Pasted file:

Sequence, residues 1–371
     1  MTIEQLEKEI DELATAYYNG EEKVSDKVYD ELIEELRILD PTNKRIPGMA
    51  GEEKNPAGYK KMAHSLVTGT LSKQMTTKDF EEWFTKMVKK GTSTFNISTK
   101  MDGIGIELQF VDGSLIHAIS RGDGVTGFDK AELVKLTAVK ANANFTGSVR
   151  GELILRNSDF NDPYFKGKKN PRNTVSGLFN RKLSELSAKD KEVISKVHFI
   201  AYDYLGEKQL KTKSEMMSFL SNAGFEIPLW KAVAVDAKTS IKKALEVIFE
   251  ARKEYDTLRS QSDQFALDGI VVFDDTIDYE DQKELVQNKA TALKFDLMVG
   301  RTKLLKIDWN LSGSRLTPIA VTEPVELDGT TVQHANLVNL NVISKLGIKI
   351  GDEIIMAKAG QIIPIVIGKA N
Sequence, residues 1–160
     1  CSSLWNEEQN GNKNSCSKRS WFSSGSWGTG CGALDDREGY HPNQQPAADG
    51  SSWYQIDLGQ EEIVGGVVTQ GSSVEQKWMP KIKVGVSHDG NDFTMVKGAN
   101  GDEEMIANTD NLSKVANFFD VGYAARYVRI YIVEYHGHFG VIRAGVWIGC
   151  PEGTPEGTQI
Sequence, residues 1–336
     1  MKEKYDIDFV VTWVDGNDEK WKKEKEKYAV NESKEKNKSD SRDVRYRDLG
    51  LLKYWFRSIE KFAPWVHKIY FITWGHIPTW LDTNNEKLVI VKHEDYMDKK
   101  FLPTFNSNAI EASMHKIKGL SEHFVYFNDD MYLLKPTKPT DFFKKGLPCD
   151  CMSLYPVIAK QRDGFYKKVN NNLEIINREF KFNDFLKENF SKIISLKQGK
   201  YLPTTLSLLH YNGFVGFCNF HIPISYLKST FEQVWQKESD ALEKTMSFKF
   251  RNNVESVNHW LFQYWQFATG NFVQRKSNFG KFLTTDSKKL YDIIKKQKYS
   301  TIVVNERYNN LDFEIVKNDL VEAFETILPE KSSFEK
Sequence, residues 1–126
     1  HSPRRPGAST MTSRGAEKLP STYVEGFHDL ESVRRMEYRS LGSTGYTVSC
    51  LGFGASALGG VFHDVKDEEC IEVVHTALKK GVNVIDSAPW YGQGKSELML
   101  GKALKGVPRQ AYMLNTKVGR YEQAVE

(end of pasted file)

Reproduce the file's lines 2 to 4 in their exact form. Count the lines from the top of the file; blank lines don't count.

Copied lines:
     1  MTIEQLEKEI DELATAYYNG EEKVSDKVYD ELIEELRILD PTNKRIPGMA
    51  GEEKNPAGYK KMAHSLVTGT LSKQMTTKDF EEWFTKMVKK GTSTFNISTK
   101  MDGIGIELQF VDGSLIHAIS RGDGVTGFDK AELVKLTAVK ANANFTGSVR